Dark Age of Camelot
Description official description
Set in the period immediately following the death of King Arthur, Dark Age of Camelot is an online role-playing game which offers a blend of killing AI controlled monsters, and killing (or being killed by!) player controlled Invaders from Other Realms.
Each copy of the world (of which there are many, each holding up to 3000 simultaneous players) is divided into three competing realms: Albion, Midgard and Hibernia. The realm of Albion is based on Arthurian legend, whereas Midgard is modeled after Norse mythology, and Hibernia on Celtic myths. Each realm offers extensive internal areas for straight "monster-bashing" of a style similar to Everquest and other Diku MUD derivatives, as well as a large frontier region which can be invaded by players of the competing realms.
Dark Age of Camelot is a subscription based game.
- 卡米洛特的黑暗时代 - Simplified Chinese spelling
Credits (Windows version)
152 People (107 developers, 45 thanks) · View all
|Lead Server Programmer|
|Patcher and Client|
|Utility and Database|
|Monster Pathing and Client|
|Login Task and Utilities|
|Server Utility and Network|
|[ full credits ]|
Average score: 87% (based on 23 ratings)
Average score: 3.3 out of 5 (based on 18 ratings with 5 reviews)
The style of art for this game was unique for the time. The cities were well done. The forests looked how they should. And for the most part the game was one big zone.
This game was the most boring slot machine I have every played. The game consisted of walking up to a spawn with your friends, having a friend attack a creature, and then everyone else in the group pressing the same attack key repeatedly until said creature dies. And you would do this for 300 hours! The game highly touted its PvP, but that PvP was almost 100 hours into the game play for the lowest most non-complex tier. That is way too long for all but the most rabid of players. And the few players who reached the pvp battlegrounds reported that they were extremely buggy and impossible to defend.
The developers went thru many iterations of pvp design but could not save thus sinking ship. The extreme level dependency in pvp combat meant that unless you were willing to play for 8 hours a day, you wouldn't stand a chance. Even if there were 20 players a few levels lower than a single enemy that single enemy could easily wipe them out.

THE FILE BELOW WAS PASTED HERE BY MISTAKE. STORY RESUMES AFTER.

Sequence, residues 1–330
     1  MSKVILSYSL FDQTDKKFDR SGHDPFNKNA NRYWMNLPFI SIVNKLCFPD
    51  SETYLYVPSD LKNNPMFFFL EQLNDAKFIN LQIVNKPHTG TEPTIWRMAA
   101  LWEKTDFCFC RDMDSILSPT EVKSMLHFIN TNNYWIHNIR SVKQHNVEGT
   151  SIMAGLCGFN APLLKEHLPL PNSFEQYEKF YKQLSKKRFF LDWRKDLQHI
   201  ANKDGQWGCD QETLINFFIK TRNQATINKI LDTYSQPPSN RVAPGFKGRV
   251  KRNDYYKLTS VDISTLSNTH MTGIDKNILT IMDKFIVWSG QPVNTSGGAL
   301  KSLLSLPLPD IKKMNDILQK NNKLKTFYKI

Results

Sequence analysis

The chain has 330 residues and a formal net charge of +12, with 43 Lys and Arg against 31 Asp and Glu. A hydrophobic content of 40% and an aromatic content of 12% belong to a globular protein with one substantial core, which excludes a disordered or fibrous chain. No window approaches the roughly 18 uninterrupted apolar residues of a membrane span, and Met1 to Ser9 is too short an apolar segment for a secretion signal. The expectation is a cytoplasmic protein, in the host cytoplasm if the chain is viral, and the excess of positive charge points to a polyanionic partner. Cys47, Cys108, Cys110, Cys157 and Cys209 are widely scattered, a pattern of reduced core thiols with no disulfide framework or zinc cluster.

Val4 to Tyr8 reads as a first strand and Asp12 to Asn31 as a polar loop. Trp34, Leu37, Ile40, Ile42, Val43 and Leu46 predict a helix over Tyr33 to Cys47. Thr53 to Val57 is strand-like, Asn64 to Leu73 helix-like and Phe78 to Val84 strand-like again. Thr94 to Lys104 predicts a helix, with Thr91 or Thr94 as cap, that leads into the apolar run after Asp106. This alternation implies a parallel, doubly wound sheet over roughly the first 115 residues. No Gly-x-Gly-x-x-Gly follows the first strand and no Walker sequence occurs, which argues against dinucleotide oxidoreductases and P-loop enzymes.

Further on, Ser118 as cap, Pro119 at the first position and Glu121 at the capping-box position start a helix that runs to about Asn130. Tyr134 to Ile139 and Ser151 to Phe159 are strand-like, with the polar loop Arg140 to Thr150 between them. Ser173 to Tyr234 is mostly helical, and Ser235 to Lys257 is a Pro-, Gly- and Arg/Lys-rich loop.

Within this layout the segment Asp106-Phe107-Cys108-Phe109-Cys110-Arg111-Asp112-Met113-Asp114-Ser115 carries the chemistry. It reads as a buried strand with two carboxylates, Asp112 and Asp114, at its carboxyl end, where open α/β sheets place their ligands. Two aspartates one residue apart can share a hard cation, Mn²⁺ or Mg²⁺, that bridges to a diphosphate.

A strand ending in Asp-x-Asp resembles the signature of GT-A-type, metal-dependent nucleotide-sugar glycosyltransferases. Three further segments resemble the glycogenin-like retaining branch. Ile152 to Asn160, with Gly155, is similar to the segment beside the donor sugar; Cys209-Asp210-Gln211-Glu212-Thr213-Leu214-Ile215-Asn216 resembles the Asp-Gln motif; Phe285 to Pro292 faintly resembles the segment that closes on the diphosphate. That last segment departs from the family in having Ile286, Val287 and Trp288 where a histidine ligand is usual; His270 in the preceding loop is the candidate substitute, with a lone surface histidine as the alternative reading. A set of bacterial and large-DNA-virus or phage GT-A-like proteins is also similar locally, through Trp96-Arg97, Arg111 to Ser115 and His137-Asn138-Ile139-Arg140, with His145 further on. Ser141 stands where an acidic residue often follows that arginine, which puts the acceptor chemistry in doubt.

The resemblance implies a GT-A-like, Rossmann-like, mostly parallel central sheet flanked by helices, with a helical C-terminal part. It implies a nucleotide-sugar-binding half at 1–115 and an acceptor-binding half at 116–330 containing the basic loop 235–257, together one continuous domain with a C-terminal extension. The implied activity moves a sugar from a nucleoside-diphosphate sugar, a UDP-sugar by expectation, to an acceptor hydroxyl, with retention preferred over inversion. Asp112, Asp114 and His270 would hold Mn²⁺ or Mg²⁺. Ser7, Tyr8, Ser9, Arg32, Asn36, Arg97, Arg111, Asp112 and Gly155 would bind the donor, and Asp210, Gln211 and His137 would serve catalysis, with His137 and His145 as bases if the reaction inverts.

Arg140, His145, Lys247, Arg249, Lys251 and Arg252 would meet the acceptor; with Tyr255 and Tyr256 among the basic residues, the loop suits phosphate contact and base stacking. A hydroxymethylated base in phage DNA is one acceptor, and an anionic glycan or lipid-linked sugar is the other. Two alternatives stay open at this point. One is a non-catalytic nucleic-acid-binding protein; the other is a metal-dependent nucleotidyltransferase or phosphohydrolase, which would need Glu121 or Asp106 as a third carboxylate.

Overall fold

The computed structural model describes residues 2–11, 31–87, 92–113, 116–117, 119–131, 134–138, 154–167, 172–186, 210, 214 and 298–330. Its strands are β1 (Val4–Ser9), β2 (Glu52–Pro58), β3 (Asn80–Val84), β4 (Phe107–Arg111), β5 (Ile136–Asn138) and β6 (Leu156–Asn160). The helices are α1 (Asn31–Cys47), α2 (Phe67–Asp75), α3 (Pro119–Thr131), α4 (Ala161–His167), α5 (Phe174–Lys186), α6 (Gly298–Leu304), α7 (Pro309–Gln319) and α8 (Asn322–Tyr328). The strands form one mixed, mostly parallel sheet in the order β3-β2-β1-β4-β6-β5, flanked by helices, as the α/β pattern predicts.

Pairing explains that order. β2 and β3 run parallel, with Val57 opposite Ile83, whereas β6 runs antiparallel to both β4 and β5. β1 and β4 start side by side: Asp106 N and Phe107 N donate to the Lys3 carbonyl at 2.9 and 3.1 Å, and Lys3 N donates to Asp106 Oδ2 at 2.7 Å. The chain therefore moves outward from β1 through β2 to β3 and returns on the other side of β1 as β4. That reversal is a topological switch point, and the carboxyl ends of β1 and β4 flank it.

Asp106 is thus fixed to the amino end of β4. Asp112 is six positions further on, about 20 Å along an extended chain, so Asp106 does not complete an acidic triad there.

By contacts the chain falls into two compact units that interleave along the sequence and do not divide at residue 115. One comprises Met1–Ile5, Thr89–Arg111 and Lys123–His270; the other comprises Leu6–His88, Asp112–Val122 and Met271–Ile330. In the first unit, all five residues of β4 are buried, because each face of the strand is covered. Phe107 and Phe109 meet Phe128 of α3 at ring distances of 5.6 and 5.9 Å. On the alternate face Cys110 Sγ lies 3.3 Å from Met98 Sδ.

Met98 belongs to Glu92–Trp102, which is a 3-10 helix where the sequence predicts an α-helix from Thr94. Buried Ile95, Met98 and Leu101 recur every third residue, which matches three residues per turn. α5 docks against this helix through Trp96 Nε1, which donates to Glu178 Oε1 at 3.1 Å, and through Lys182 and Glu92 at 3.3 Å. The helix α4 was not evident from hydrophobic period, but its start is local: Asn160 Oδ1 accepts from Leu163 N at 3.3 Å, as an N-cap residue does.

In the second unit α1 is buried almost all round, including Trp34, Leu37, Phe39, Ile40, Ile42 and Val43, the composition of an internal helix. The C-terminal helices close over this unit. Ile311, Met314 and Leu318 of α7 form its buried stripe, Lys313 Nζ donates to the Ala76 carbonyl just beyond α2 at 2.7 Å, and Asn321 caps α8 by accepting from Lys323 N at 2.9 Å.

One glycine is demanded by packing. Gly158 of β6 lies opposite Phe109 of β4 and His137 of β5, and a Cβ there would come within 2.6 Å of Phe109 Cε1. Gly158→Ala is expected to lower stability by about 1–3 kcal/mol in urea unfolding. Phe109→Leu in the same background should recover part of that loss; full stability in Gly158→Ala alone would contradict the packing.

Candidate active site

Finally, the hacking of this game was atrocious. Some high level players used 3rd party apps that let them hunt down lower level players, while evading the more difficult players. So the pvp lands degraded into a grief fest instead of quality pvp game.
The Bottom Line
If you want to grind your way thru 200 - 300 hours worth of static spawns this would have been the game for you. Expect to spend hundreds of hours standing in one place killing red badgers, just to graduate onto black badgers. After fighting black badgers for days, you then graduate onto fighting big skunks and thus the pattern repeats.
Finally, after running on this treadmill for hundreds of hours you can fight in pvp, only to discover that you can't possibly win a fight until you spend 100 more hours on that treadmill! And even if you take all of this time power leveling, you will still lose because of the hundreds of players who were hacking the game.
This game was a perfect example of an "exercise in futility".
Windows · by Sean Johanson (12) · 2011
As with all MMORPG's, DAoC is centered around building a character and climbing the ranks of the game. This is accomplished by killing monsters over and over and over. Consisting of a 50 level character curve, DAoC will appeal to those who don't mind investing the time and effort (usually measured in weeks as opposed to days) to bring your character up to that level. In this arena, Mythic has provided an impressive array of areas to hunt in - but it will always come back to killing monsters. No matter how you look at it.
The difference between DAoC and traditional MMORPG's is its three realm system. On any server there are three realms - two of which will be unavailable for you to explore and play in (at least on that particular server). Once you have reached the higher levels (40 plus is the usual marker in the game) you can engage in sanctioned PvP in "frontier" areas for control of any of 21 keeps or 6 "relics" (items which give either magic or strength bonuses to all players in the land). A great deal of strategy, planning, organization and politics can go into the playing at this level - and is not for the faint of heart. Two sides will always loose and the strife that comes from that can get intense.